[first posted by Chili bob, some rights reserved]

Yeah, that’s exactly what Volkswagen automobiles are known as over here in Germany – chariots of the Gods, even multi-tentacled ones like Cthulhu. Just so as not to create confusion – Miskatonic University is in Massachussetts, and enrollment is extremely competitive.

The Frontier as Apocalyptic Place: Melville’s Indian Hating Revisited (V)

The title begs for details, it just does: why would the frontier pop up there in the first place?

The novel, The Confidence Man, is supposedly set in the 1850s, and it describes a voyage through territories – the Midwest and the Coastal Plains, or: the area wedged between the Appalachians and the Great Plains, or: Missouri, Tennessee, Arkansas, Mississippi, Louisiana – that had well been integrated into the union.

[first posted by EricGjerde, some rights reserved]

To wit, in this context –

The Indian Removal Act had been ratified in 1830, under the auspices of President Andrew Jackson, signing into jurisdiction a forced westward movement –

Be it enacted by the Senate and House of Representatives of the United States of America, in Congress assembled, That it shall and may be lawful for the President of the United States to cause so much of any territory belonging to the United States, west of the river Mississippi, not included in any state or organized territory, and to which the Indian title has been extinguished, as he may judge necessary, to be divided into a suitable number of districts, for the reception of such tribes or nations of Indians as may choose to exchange the lands where they now reside, and remove there; and to cause each of said districts to be so described by natural or artificial marks, as to be easily distinguished from every other. (my emphasis)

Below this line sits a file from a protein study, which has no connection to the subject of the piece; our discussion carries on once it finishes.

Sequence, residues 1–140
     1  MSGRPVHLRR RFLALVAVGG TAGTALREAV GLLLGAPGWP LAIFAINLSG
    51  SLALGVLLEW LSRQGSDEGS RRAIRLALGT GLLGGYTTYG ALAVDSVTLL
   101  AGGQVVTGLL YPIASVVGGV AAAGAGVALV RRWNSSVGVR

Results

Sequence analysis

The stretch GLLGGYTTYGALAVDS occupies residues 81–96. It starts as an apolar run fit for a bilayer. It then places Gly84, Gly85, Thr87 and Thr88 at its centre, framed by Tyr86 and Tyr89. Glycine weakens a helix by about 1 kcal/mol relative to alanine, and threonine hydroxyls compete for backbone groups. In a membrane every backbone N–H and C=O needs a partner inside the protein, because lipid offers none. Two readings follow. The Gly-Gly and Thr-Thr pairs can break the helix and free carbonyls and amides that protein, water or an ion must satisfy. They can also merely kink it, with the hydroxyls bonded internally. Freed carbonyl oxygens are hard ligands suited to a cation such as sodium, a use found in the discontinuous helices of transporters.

A sharper edge than mine is applied on the act – here – what the law implied was, of course, the forced removal of member of the Five Civilized Tribes from the South East into the West, here meaning: west of the Mississippi river.
Indian and frontier fighting, in the vein of Colonel John Moredock, was introduced into the White House with the presidency of William Henry Harrison (1840-1841, being the ninth president and the first to die in office, obviously. He was not impeached out of it.). The White House biographical info page introduces his vita thus –